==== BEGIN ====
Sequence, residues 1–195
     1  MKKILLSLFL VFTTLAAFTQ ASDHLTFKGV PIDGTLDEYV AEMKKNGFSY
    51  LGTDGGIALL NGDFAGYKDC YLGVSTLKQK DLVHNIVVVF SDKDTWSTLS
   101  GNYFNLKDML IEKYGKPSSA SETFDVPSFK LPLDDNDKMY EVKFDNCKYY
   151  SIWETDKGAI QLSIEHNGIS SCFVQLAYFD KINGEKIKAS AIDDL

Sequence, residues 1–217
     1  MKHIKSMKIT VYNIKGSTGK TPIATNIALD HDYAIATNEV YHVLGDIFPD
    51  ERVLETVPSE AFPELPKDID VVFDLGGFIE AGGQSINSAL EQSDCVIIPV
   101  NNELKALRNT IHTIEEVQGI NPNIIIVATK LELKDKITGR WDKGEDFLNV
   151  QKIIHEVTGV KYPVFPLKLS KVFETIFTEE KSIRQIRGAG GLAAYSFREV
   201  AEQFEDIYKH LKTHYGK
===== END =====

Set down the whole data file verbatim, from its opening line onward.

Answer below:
Sequence, residues 1–195
     1  MKKILLSLFL VFTTLAAFTQ ASDHLTFKGV PIDGTLDEYV AEMKKNGFSY
    51  LGTDGGIALL NGDFAGYKDC YLGVSTLKQK DLVHNIVVVF SDKDTWSTLS
   101  GNYFNLKDML IEKYGKPSSA SETFDVPSFK LPLDDNDKMY EVKFDNCKYY
   151  SIWETDKGAI QLSIEHNGIS SCFVQLAYFD KINGEKIKAS AIDDL

Sequence, residues 1–217
     1  MKHIKSMKIT VYNIKGSTGK TPIATNIALD HDYAIATNEV YHVLGDIFPD
    51  ERVLETVPSE AFPELPKDID VVFDLGGFIE AGGQSINSAL EQSDCVIIPV
   101  NNELKALRNT IHTIEEVQGI NPNIIIVATK LELKDKITGR WDKGEDFLNV
   151  QKIIHEVTGV KYPVFPLKLS KVFETIFTEE KSIRQIRGAG GLAAYSFREV
   201  AEQFEDIYKH LKTHYGK